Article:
LSU Health releases findings of COVID-19 death autopsies on local patients; small vessels in lungs found to have blood clots
NEW ORLEANS, La. (WVUE) -LSU Health New Orleans released its findings on a series of autopsies it performed on local patients who died from COVID-19, the majority being African American. LSU believes it was the first in the U.S. to conduct a series of autopsies on blacks that discovered blood clots contributed to the patients’ deaths.
"I've never seen a virus so repeatedly causing this blood vessel damage in the lungs,” said Dr. Sharon FOX, Associate Director of Research in the Department of Pathology at LSU Health New Orleans School of Medicine.
The autopsies were conducted at University Medical Center in New Orleans. They found small vessels and capillaries were obstructed by blood clots.
Dr. Richard Vander Heide is Director of Pathology Research at LSU Health New Orleans School of Medicine and senior author of the study.
"We’ve done 26 and just about everyone has blood clots to different degrees,” Vander Heide said of the autopsies on the COVID-19 victims.
He was asked about his initial reaction to finding blood clots in the lungs of the deceased they examined.
"Well, we were surprised because the hemorrhage or the blood was quite significant too and that was unusual. I remember saying to the resident I was doing the first case with, I said, I've never seen hemorrhage like this associated with, you know, these types of changes. I said, something's going on here that's different,” said Vander Heide.
"What was unexpected and really important from our autopsy series and an early finding that we were able to share was there was significant blood clotting happening in the small blood vessels in the lungs as well as damage to the blood vessels,” said FOX. "There are small blood clots that are causing the lungs to be unable to exchange gases like oxygen and carbon dioxide."
LSU says the small vessel clotting is a new finding that appears to be specific to COVID caused by SARS-CoV-2 which is the official name of COVID-19.
"In my opinion, every one of these COVID cases, the cause of death is respiratory failure and that is directly the consequence of the inflammation in the lungs as well as the hemorrhage that's in the lungs,” Vander Heide said.
Blood clots impede blood flow and can have deadly consequences.
"The problem is that of course the lung requires air space to exchange for people to live and so when you get fluid and blood into those spaces the lungs can't do their job and then the patients get very short of breath and they start to need to be intubated and they end up in respiratory failure which is what we see with most of these patients,” Vander Heide stated.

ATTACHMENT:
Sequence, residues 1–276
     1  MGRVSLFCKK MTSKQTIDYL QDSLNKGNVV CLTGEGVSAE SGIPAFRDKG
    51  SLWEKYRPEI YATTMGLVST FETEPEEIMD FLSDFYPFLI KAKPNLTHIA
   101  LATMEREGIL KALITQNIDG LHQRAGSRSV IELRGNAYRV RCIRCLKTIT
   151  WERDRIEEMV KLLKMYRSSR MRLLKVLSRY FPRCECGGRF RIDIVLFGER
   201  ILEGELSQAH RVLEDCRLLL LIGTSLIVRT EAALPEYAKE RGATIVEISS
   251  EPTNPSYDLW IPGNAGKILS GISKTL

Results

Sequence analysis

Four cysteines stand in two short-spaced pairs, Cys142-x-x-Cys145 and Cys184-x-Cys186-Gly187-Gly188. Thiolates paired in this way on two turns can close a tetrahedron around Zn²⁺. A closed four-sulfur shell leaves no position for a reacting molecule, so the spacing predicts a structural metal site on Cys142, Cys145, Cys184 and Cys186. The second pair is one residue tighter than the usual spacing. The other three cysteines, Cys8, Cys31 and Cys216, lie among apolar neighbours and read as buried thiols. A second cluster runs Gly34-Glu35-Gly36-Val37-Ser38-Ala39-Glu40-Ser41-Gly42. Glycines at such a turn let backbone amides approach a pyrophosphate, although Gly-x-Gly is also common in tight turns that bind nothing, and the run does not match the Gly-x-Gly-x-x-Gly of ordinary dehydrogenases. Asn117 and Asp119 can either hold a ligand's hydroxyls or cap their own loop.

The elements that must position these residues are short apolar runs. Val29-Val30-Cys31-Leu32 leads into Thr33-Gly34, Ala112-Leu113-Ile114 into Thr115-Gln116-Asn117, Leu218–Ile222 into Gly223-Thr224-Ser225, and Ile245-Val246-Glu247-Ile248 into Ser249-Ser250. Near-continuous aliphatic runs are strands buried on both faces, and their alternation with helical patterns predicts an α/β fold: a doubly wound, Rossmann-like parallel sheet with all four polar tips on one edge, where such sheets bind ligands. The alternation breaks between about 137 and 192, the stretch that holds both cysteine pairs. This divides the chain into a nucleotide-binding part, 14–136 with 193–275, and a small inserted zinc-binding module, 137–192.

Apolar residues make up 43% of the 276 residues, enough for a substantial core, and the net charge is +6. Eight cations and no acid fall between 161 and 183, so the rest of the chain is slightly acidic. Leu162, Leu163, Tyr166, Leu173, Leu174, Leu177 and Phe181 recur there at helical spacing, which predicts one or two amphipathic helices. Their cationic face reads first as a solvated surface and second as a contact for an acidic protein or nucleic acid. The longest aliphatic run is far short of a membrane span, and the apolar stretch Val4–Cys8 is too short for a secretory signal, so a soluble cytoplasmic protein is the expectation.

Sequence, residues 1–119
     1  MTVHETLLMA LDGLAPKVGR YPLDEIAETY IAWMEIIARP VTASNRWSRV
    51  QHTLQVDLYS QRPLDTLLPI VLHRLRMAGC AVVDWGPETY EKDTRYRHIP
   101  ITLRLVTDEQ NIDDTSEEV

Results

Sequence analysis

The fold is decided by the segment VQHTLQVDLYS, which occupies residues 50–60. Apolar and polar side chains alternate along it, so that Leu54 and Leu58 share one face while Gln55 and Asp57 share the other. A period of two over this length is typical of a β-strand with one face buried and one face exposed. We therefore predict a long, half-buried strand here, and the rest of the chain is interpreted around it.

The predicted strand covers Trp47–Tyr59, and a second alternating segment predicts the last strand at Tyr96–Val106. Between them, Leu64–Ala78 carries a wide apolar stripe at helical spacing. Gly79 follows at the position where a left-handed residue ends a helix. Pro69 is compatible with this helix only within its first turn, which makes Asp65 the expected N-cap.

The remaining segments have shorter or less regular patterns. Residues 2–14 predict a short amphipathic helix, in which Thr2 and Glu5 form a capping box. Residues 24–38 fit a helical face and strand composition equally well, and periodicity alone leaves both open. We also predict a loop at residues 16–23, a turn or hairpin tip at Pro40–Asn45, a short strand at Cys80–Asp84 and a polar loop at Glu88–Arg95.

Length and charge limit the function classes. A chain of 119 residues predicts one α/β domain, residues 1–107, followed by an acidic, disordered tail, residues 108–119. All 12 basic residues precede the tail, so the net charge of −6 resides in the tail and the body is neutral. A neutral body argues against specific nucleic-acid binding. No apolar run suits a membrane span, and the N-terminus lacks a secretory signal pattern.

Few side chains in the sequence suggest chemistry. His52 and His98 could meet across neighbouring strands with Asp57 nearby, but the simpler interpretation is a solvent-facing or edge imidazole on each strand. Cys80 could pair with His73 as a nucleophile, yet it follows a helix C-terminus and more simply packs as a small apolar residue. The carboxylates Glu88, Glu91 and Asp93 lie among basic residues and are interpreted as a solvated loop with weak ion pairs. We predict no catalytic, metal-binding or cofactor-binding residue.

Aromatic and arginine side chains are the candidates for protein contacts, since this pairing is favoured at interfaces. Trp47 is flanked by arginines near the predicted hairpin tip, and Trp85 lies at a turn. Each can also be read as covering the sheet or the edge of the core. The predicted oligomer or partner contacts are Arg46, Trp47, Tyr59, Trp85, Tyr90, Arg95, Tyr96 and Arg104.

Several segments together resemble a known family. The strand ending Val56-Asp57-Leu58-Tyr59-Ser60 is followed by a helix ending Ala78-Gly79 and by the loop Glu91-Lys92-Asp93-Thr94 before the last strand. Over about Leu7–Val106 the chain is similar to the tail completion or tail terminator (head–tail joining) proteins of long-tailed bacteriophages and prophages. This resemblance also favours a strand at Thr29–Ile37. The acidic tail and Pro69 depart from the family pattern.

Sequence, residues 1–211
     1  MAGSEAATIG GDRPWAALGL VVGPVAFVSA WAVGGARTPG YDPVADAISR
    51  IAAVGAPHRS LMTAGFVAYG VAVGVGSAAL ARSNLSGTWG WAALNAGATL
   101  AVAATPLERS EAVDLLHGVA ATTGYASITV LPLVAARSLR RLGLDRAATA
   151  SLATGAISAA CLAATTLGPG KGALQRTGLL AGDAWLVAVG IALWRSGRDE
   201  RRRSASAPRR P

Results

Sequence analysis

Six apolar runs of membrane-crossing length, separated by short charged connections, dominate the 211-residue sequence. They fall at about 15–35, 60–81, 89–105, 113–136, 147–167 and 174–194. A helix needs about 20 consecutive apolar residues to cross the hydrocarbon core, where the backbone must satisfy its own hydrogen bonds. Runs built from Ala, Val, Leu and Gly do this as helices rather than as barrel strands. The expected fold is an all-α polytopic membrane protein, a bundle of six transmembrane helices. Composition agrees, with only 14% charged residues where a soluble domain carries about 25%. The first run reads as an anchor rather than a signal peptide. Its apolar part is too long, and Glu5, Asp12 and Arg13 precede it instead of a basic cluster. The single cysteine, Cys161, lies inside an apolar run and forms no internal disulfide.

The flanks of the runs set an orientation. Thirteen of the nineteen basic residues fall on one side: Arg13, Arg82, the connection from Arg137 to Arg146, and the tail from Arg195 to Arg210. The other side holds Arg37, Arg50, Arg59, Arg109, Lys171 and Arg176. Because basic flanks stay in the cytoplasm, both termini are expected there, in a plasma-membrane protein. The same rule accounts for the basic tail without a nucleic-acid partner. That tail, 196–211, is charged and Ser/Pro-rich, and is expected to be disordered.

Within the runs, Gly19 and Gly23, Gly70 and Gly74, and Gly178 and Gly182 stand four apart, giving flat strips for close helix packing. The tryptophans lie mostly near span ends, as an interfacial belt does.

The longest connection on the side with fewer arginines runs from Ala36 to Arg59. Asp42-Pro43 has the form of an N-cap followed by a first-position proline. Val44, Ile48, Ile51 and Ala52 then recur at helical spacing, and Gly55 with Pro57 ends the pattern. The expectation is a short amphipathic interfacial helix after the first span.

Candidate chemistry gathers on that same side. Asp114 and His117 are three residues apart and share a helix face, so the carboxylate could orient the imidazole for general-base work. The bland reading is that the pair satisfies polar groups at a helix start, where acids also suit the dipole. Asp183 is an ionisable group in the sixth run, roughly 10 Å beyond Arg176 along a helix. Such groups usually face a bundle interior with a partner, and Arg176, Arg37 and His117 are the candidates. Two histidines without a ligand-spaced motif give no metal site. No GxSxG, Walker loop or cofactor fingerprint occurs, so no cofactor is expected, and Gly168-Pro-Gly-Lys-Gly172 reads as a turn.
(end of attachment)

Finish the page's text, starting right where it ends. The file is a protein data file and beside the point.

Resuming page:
LSU Health says its study presents a large series of autopsies within a specific demographic that is experiencing the highest rate of adverse outcomes in the U.S.
"Of course, it reflects our patient population but again I would also tell you that the age range is very striking amongst the African American population,” said Vander Heide. "It seems to be affecting African Americans at a younger and more severe stage of it than it does other groups."
The decedents upon whom the autopsies were performed were male and female and between 40 and 70 years old. LSU pathologists say many had a history of hypertension, obesity, diabetes, and chronic kidney disease.
Still, LSU says the life-threatening blood clotting could affect people across the racial spectrum who are battling COVID-19.
“Yes, yes, it certainly can,” said Vander Heide.
LSU’s findings were published in the journal, The Lancet Respiratory Medicine on Wednesday (May 27).
"It's probably fair to say that we were the first U.S. group to publish those findings,” said Vander Heide.
And the LSU doctors said they also made important discoveries about the decedents' hearts.
"There were lots of reports that some patients were dying directly of inflammation of the heart and so we were very interested to find out whether that was the case in our patient population and we hadn't seen that, so, we're really not seeing that inflammation of the heart or myocarditis that's been reported by groups and China and some other groups and so we think that's very interesting as well,” said Vander Heide.
And they believe their findings will help the broader healthcare community.
"They’re looking more at anti-coagulation therapies and other things that are really kind of the result of what these autopsies have shown,” said Vander Heide.
"A clue as to how to better treat patients with COVID-19,” said Fox of their work.
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